Should I go to confession if I can’t remember my sins?
Someone once asked: I am 87 years old, a Catholic all my life, and I have been diagnosed with dementia. My memory is terrible; my wife has to identify even relatives for me by name. How should I handle this problem in confession with a priest? Should I tell him my problem first?
I have always used the commandments of God and the Church in examining my conscience, but now I wonder if I should be wasting a priest’s time by going to confession if I can’t even remember my sins. I’m looking forward to a response which will let me continue to be a good Catholic.
A. You certainly are a “good Catholic,” and your devotion to the sacraments is commendable. I would encourage you to continue to go to confession even though you can’t remember specific sins.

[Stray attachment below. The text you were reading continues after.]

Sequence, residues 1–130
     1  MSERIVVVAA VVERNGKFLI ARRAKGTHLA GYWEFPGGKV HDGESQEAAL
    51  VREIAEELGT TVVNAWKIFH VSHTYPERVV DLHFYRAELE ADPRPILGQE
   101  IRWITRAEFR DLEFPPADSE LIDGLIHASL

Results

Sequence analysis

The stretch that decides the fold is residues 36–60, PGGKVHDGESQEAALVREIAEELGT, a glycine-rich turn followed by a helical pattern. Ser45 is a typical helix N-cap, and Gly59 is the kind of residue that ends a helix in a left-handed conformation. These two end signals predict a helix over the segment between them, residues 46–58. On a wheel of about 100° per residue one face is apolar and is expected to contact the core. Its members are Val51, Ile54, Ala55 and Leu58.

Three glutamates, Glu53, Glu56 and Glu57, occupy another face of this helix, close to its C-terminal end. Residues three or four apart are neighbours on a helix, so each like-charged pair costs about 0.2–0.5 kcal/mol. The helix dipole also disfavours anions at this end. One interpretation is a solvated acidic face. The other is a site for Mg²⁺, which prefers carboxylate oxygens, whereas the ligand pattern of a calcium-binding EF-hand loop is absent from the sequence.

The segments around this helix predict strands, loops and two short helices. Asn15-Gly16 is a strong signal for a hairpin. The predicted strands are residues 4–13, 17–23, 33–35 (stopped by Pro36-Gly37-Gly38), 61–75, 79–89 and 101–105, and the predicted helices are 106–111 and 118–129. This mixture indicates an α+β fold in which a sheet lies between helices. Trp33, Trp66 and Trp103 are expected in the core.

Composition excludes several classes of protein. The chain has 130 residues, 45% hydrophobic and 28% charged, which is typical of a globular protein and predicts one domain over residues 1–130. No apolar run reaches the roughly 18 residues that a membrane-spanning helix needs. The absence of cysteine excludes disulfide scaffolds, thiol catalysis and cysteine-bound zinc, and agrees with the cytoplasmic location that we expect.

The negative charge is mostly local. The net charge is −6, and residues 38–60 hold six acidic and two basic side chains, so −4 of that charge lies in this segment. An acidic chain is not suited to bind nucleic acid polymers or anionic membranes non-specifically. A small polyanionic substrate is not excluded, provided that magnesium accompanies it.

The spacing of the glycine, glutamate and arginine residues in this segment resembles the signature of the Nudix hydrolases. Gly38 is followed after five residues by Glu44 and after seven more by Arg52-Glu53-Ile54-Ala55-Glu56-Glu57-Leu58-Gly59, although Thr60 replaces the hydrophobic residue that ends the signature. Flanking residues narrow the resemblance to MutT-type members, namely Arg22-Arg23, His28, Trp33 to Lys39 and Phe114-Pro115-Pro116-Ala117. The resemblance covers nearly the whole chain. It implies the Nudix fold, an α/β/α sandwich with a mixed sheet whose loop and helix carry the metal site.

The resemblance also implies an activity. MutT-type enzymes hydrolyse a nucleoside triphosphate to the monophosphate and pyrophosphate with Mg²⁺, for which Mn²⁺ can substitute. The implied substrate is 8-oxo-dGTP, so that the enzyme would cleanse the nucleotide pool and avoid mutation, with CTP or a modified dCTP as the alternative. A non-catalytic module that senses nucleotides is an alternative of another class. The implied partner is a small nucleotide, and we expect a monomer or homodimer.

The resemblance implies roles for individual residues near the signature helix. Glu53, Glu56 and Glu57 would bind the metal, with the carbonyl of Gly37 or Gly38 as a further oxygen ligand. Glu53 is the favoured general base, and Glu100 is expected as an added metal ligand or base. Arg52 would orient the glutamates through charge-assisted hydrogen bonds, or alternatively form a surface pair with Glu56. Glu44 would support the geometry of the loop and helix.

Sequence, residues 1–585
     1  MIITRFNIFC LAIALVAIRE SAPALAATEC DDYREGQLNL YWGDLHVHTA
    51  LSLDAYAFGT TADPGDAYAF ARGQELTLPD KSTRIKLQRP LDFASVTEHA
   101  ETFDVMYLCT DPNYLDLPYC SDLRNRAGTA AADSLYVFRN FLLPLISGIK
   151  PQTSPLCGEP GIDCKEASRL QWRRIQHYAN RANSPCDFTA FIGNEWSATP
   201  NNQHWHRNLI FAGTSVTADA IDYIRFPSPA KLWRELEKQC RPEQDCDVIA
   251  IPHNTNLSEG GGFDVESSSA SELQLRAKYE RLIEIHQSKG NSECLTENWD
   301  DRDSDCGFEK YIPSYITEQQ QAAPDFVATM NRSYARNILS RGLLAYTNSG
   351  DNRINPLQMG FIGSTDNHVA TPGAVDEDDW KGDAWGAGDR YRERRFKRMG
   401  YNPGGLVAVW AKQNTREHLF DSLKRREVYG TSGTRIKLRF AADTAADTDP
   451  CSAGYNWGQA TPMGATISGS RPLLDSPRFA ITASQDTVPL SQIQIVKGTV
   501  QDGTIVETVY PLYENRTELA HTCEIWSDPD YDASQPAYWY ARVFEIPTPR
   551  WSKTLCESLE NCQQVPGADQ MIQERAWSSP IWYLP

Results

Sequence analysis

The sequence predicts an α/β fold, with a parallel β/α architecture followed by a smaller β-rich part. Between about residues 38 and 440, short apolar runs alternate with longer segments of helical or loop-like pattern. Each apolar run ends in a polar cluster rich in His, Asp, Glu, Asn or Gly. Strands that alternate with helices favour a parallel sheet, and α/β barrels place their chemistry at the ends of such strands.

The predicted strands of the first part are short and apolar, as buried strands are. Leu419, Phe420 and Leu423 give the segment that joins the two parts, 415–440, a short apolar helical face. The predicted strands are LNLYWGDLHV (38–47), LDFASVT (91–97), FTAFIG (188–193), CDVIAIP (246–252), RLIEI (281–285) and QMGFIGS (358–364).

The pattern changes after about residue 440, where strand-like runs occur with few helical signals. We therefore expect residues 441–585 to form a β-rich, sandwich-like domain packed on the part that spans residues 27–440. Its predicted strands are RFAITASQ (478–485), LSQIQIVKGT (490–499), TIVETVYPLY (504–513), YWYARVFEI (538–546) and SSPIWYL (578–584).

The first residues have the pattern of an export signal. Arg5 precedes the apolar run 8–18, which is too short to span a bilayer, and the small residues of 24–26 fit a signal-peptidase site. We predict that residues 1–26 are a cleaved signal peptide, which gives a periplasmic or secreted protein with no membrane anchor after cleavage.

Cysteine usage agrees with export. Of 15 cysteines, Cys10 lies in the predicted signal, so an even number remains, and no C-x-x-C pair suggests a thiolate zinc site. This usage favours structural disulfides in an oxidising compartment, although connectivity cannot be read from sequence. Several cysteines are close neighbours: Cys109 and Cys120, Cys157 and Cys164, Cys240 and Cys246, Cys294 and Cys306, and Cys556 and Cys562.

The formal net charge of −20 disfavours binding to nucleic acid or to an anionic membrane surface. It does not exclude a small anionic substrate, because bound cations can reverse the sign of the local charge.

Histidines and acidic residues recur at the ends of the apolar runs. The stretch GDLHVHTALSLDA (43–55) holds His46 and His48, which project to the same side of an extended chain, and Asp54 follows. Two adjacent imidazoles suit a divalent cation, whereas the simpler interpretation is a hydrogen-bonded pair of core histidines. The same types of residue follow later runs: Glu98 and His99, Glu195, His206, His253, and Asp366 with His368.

Tell the priest that you are 87 years old, have been diagnosed with dementia, that you can’t remember any specific sins, but that if there’s anything you have done to offend the Lord, you are sorry.
You surely have the sincere contrition that is required for the sacrament, and the priest will give you absolution for any and all sins. (And if you can’t remember what penance the priest has given you, don’t worry: just say an Our Father and a Hail Mary.)
The sacrament will bring you grace and blessings; each sacrament is an act of worship, because you are thanking God for his goodness. (Pope Francis has said that he goes to confession every couple of weeks and that it helps him to think about the great mercy of the Lord.)
If you feel you need to go to confession then by all means go, GOD FORGIVES and if you can’t remember your sins by all means tell the priest, I’m sure they will help you.